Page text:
Complex, Daddy

"It's a girl." The nurse had said, handing me the most beautiful red screaming loaf I'd ever seen. With little flailing arms and a neck that would flop if I didn't support it just so. She didn't weigh more than a dictionary (or so it felt), screaming in my arms and yet I never wanted to let her go, even to give to her mom.

I remember the first time she smiled, she smiled at me. She just beamed, toothless and pink, and I knew she had no idea what a perfect expression she was making, but she was happy and could portray that—at last.

On her first day of Kindergarten she cried, so I cried. The teacher comforted her, then I hugged her and left. I cried on the drive to work. But when I came home after work she ran and hugged me and smiled and said she had had the best day at Kindergarten. She told me about it for two hours, and then I cried.

I remember the day my wife, her mother, died. She was in fourth grade, I dropped her off and my wife picked her up, since our work schedules were molded around her. But my wife didn't make it to the school, I got a call from them a half hour after school had gotten out saying I needed to pick her up, and immediately panicked. Not too long after that we found out about the car crash, my wife was in critical condition. Once we got to the hospital though, my wife was gone. She herself to sleep that night and I couldn't even ask her to go to school the next day. After that I cherished her even more, she was the only miracle left in my life.

When she started Junior High she brought this boy to the car one day and said they were dating. In a month she came to the car crying, because they weren't anymore. I held her and told her there were better guys in the world. Then she smiled up at me, and I remembered when she first smiled.

I remember her fifth boyfriend, a boy she brought not up to the car, but invited over for dinner one night. She spent the Saturday afternoon in the kitchen making dinner just right, then cleaned up perfect just in time for his arrival. While we ate and talked about things from school and his job and those sorts of things, I realized how happy my little girl was. It was her junior year of high school, but I had a feeling it was the start of the rest of her life.

She moved out to move in with him while they went through college. They pinched pennies and bought on sale and both worked, and I was both proud and a little sad that my little angel was on her own and doing fine. Every once in awhile they would visit me for lunch or dinner or breakfast or tea time, and each time I had to make sure not to cry or tell her how much I missed her. I just said I was doing fine, thinking about getting a cat or a dog.

Then she graduated, I still display the photo of her and her man in their caps and gowns and diplomas proudly over my mantle. Whenever someone is in my house for the first time, or they've come to visit after a long time away, I take them to the den and say 'look at my little girl, with her big smile and her college diploma'. She says it's embarrassing to this day, but I say it's just me being proud of her, and on some level it's meant to be embarrassing.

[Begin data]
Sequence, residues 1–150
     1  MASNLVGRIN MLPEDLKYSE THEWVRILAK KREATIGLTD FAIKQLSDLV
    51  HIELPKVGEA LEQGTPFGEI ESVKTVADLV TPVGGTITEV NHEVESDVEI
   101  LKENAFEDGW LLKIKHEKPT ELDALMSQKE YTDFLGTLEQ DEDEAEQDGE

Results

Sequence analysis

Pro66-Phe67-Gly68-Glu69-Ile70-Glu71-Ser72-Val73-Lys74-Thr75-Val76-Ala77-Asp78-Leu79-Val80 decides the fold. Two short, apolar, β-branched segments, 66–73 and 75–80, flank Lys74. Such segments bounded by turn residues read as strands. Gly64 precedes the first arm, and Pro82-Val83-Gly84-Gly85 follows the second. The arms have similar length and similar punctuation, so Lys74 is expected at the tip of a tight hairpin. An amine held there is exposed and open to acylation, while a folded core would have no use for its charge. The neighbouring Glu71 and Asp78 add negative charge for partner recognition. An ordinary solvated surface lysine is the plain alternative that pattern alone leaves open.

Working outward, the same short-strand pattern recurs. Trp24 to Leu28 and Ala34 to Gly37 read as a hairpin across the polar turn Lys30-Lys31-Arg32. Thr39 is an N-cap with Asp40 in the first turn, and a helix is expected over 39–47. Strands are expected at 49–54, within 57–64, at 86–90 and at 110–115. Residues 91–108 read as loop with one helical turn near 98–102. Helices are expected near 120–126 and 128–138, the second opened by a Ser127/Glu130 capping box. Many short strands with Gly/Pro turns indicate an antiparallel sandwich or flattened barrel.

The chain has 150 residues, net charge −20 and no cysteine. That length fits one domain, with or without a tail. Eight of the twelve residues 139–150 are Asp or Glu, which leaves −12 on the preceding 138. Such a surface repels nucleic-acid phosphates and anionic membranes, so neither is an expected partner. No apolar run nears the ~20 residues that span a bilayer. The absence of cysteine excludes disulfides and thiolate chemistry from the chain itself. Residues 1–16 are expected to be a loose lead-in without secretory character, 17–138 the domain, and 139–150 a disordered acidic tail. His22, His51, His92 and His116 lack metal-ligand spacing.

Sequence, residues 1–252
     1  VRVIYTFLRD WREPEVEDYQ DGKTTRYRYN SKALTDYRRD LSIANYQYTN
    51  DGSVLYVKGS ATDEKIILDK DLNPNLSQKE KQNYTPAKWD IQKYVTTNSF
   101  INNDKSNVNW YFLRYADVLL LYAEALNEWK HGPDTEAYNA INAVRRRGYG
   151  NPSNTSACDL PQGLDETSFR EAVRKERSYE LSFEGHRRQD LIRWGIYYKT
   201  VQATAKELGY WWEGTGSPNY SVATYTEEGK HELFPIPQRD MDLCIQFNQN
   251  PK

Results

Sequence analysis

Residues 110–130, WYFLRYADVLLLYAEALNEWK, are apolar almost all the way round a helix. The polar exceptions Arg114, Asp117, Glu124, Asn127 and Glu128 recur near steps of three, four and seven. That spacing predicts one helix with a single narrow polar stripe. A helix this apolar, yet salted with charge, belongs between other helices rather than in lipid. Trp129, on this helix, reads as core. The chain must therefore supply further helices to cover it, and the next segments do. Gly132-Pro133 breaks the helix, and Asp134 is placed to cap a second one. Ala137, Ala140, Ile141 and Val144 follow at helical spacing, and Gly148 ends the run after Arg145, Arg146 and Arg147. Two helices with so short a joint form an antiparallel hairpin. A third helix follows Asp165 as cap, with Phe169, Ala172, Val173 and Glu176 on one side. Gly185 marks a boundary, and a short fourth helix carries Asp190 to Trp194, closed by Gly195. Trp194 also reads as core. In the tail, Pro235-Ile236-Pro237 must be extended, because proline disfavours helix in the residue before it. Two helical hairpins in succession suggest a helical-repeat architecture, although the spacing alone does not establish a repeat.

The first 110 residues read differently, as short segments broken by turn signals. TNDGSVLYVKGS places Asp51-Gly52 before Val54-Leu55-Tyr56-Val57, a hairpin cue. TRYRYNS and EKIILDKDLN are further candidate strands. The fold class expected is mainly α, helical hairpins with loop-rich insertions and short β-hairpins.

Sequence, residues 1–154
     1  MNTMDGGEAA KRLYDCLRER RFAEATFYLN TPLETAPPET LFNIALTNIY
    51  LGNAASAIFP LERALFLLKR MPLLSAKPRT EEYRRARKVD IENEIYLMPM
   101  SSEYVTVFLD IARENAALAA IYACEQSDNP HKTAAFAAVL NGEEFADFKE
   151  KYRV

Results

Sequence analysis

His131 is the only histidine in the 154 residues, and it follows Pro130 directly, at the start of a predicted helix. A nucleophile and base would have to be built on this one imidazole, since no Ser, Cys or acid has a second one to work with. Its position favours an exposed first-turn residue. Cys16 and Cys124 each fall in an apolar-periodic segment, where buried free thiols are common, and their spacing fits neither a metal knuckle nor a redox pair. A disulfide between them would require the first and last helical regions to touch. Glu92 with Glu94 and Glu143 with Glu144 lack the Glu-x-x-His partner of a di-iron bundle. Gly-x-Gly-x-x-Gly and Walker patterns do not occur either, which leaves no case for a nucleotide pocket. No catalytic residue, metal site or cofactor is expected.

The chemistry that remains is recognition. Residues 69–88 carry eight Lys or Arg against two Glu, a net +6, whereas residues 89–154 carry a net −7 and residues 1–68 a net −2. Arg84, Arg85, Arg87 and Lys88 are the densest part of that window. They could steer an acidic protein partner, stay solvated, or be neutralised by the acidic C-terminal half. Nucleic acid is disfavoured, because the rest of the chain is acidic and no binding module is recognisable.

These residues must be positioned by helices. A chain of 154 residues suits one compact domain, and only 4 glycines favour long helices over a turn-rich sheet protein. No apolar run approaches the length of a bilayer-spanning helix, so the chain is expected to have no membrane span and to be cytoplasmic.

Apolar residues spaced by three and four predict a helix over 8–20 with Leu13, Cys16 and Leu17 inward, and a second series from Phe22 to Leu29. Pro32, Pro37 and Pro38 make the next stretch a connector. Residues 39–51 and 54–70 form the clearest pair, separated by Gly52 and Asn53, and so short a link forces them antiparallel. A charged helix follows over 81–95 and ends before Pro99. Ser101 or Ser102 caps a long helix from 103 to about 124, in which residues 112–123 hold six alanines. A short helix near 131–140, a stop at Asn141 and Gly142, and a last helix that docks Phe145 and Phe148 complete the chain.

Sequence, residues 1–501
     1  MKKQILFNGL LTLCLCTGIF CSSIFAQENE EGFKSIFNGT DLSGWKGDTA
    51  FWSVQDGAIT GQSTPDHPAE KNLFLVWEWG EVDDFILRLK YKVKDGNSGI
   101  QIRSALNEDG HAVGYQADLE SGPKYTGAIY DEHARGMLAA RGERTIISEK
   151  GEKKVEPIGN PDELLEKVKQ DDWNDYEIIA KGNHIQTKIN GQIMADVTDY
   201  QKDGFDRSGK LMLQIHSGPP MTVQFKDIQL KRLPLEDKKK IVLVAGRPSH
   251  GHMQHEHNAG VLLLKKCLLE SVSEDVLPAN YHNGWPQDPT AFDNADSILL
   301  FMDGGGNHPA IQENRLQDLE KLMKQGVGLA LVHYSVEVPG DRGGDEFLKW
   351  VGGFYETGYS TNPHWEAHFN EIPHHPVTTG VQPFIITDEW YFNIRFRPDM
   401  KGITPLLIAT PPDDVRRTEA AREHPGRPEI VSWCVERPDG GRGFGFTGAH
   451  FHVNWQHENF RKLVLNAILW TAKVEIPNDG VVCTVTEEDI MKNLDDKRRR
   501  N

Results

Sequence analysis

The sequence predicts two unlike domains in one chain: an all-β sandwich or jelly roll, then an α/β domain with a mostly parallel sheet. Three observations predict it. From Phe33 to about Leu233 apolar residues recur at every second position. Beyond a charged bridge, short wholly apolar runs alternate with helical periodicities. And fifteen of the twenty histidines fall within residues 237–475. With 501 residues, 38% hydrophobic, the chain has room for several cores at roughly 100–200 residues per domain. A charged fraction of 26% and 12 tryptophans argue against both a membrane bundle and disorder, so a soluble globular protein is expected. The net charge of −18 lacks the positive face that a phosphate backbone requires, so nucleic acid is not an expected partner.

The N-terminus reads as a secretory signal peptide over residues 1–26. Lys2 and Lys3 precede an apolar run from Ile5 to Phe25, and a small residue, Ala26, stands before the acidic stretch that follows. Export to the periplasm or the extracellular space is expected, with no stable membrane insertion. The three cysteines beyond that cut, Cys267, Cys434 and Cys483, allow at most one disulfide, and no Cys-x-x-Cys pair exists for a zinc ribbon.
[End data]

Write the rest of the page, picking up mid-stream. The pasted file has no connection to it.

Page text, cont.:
One day she came to me with a rock on her finger and a smile from ear to ear and said 'look Daddy, he proposed!', and I beamed back at her, hugged her tight and cried. She laughed at me and hugged me back, saying it was okay and that she was still my little girl. At the reception of her wedding I pulled the groom aside and told him straight out that I loved this angel, and though I knew I'd have to give her away and yes I had even hoped she'd find true love, I still loved her. He smiled at me and said in reply 'I'm so happy when I'm with your daughter, all I have to say is that I'm so glad you raised her the way you did and kept her your number one kid, because I love her just the way she is', and I knew she was in good hands.

My toast to them at the reception went something like 'we're here to see my little girl and this fine young man get hitched by the word of the law. But these two have been hitched mentally for a lot longer than that paper's been signed. Since the miracle of this little girl looked up at me years ago I've known she'd one day find someone not unlike this gentleman beside her, and I was honestly ready to pummel him. But time must go on and now that we're here, I think I'll go ahead and let fate run it's course'.

We don't forget our children, even if we get the worst case of old the doctor's ever seen, our children are still on our mind. If she had become a punk rock lesbian I'd still think of her as my little girl, my angel. If she rebelled and hated me, I'd still consider her my most precious, a miracle that reached my heart, soul, my life.

When she had her first child, I held her hand for nine hours in the emergency room. Her husband cried, she cried, I cried, her in-laws cried, the nurse cried. It was a boy, and when I saw the expression on her husband's face when he looked at the screaming red loaf in his arms, I knew he'd be a loving dad. She cried and held the baby boy to her chest, saying things like 'he's beautiful' and 'a miracle'. I knew even if he grew to be a punk rock wannabe, a rebellious parent-hater, a homosexual, a man who likes women's clothing or just a loving little boy, he'd be loved and cherished.

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Is this a true story? I hope so. I hope there's a father somewhere, who is like this, maybe it wasn't quite like this, but the feeling is the same. I hope for that, because that's something I like to hope about. Is it my dad? Is it my future? Is it anything or anyone who will ever dab in my life—I don't know, maybe I'll never know, but I do hope, I hope some dad, somewhere, is loving their child or children like this. Purely as his little miracle.